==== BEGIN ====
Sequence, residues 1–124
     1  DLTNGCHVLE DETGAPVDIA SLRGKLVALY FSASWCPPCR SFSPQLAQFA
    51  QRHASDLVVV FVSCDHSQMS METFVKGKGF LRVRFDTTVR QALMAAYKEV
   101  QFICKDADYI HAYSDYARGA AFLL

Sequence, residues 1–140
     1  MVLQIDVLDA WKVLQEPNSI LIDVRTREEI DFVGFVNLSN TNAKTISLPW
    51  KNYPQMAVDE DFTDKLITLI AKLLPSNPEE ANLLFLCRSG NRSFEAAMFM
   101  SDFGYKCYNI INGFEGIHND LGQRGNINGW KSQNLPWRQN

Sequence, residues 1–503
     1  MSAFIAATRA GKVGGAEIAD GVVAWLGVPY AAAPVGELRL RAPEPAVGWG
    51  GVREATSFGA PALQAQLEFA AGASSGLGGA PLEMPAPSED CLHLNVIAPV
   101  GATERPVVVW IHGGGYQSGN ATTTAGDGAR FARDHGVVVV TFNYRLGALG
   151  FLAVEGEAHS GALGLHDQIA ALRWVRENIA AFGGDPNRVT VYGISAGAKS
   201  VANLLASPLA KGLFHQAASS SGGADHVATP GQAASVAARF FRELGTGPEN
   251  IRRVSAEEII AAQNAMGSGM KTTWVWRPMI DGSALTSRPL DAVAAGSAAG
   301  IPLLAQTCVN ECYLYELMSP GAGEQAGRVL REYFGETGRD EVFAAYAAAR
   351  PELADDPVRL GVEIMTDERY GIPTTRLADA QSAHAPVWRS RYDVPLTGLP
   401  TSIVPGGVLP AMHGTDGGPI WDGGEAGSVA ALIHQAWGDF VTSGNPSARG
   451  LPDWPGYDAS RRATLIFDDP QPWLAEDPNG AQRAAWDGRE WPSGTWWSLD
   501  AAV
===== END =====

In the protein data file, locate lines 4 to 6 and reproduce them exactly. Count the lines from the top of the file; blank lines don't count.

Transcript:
   101  QFICKDADYI HAYSDYARGA AFLL

Sequence, residues 1–140
     1  MVLQIDVLDA WKVLQEPNSI LIDVRTREEI DFVGFVNLSN TNAKTISLPW